There should be no doubt that they are in awe of this opera composer.

 

The Ristorante Puccini in Lucca, Italy (regrettably, they couldn’t fit the composer’s entire name on the sign:  Giacomo Antonio Domenico Michele Secondo Maria Puccini)

 

Gaetano Donizetti (1797–1848), who wrote about 75 operas, is much admired in Italy.  In his home town of Bergamo all of his effects have been preserved in a museum, including the chair in which he composed and the bed on which he died.

 

The Museo Donizettiano in Bergamo, Italy:  the composer’s piano can be seen in the foreground, and in the background, his chair and bed

 

Even non-Italian opera composers are held in the highest regard.  The German composer Richard Wagner (1813-1883), or as Italians like to call him, Riccardo Wagner, has a square named after him in Milan, for example.  Wagner’s bicentennial, like Verdi’s, is being celebrated this year as well.

 

The Piazza Riccardo Wagner in Milan, Italy (note the Italian form of the composer's first name, Richard)

 

So back to the 300 or so Italian composers who lived during opera’s ‘golden age’.  What about the minority who let their opera output lapse?  Whatever they were composing, it most likely wasn’t in Italy.

 

 

 

 

 

 


The photographs used in this blog, unless otherwise noted, are by Curt Veeneman.

Related Posts (Italy)

Who started Travel Con Brio®?

Composer, scholar (in music theory, ethnomusicology, and music history), performer, educator, conference organizer, and entrepreneur, Curt Veeneman received his Ph.D. from the University of California, Berkeley.

His additional interests, subsumed in wonder at the beauty of God’s entire creation, include art (he was an art major before the balance tipped ever-so-slightly toward music), literature, architecture, photography, mathematics, history, languages, cultural studies, world-cuisines, and, of course, travel.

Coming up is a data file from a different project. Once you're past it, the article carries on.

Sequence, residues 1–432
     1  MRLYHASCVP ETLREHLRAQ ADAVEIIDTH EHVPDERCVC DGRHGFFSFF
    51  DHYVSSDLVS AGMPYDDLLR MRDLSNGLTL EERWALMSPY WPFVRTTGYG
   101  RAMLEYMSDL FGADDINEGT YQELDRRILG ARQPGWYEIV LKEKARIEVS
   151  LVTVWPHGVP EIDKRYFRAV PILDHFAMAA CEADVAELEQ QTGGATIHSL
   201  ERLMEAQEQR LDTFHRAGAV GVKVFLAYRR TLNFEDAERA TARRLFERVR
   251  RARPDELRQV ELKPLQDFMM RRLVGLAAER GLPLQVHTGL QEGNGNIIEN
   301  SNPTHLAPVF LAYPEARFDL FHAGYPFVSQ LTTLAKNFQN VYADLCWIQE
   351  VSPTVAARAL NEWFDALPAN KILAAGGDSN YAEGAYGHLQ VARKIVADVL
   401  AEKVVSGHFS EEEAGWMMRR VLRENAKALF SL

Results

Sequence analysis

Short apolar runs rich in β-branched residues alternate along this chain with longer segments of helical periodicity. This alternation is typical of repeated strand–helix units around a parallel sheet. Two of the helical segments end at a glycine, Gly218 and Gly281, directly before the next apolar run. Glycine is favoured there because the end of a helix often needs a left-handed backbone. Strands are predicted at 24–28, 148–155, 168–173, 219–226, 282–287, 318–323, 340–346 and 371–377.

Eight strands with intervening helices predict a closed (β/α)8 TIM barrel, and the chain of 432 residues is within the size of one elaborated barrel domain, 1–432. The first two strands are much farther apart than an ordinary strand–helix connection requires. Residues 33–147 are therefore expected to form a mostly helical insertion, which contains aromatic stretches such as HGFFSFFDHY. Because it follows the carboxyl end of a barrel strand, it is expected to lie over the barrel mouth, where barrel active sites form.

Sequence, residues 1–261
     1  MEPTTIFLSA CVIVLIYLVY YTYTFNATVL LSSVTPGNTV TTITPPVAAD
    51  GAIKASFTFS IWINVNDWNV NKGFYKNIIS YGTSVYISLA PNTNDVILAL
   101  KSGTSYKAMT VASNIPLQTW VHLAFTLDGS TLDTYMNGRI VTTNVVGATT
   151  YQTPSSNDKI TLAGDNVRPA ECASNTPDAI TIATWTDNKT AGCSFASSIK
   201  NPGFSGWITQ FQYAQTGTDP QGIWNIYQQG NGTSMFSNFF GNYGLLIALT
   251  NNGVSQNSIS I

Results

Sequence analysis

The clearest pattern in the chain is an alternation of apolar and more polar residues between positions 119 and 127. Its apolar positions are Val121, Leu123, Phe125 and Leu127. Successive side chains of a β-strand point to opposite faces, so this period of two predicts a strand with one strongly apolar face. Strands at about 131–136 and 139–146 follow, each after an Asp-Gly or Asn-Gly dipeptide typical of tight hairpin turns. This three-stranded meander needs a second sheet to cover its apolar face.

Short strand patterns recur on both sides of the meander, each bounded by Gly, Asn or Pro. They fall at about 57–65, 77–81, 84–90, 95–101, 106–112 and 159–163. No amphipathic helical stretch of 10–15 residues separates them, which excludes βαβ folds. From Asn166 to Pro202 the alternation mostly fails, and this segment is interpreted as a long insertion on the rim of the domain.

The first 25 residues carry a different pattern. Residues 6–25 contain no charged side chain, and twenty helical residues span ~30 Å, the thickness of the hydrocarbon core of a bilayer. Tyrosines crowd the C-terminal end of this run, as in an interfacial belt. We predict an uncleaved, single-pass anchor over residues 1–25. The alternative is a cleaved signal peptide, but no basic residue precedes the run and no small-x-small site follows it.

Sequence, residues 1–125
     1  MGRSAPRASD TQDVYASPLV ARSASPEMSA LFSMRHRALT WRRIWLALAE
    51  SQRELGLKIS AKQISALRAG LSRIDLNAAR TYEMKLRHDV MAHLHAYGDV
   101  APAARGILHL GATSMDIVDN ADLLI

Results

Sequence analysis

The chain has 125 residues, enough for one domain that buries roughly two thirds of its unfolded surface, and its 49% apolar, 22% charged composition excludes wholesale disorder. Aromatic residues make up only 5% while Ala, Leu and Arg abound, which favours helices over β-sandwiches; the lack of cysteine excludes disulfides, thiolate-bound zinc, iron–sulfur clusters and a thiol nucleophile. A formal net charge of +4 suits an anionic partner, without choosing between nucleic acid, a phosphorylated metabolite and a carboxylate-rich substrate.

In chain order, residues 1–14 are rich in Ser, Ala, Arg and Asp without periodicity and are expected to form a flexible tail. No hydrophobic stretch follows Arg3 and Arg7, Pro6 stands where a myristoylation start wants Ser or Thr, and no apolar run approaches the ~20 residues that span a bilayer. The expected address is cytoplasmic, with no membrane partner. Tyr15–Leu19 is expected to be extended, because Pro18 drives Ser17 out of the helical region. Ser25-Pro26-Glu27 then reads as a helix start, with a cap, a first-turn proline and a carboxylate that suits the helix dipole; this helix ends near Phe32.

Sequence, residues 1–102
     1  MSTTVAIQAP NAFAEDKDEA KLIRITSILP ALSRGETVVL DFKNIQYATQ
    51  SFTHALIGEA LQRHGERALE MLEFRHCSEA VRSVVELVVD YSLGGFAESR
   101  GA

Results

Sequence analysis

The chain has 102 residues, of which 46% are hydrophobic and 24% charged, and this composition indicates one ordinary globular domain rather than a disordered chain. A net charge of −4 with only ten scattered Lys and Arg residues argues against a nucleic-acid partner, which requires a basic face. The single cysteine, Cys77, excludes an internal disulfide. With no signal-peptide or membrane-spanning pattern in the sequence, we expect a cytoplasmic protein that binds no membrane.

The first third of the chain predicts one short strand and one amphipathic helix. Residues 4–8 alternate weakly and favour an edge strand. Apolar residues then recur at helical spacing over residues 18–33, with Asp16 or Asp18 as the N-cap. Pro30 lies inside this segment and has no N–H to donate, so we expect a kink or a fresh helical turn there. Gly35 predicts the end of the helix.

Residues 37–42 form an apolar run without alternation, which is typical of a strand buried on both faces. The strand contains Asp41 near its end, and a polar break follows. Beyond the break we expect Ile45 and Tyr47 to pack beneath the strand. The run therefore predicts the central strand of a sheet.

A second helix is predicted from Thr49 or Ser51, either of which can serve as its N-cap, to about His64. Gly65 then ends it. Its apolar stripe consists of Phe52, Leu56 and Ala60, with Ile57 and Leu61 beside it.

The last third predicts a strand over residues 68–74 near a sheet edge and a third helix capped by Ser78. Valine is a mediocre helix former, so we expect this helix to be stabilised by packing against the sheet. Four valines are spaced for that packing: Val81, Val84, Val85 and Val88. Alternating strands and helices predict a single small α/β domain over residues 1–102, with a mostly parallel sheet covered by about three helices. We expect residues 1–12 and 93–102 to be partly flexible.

photograph by Colleen Veeneman

In founding Travel Con Brio®, Curt was eager to synthesize all of these interests to create imaginative, stirring, and enlightening experiences to be enjoyed by both young and mature travelers alike.  The tours that he organizes reflect his extensive travel experience and familiarity with the art, music and culture of numerous countries, with each tour being richly enhanced by local experts.

Curt and his wife Colleen live near San Francisco.  They have three children.

What is this blog about?

Culled from a number of trips abroad, this blog compiles various experiences in an attempt to reveal the cultural nuances of places visited on Travel Con Brio® tours.  Sometimes humorous, sometimes serious, Curt’s observations are intended to describe and appreciate the personalities, character, idiosyncrasies, conventions, mood, and ambiance of places visited.  Contemplations of topics ranging from language and customs to climate and bureaucracies are freely offered alongside art and music reviews.  Any cultural issue, if illuminating, can become the focus.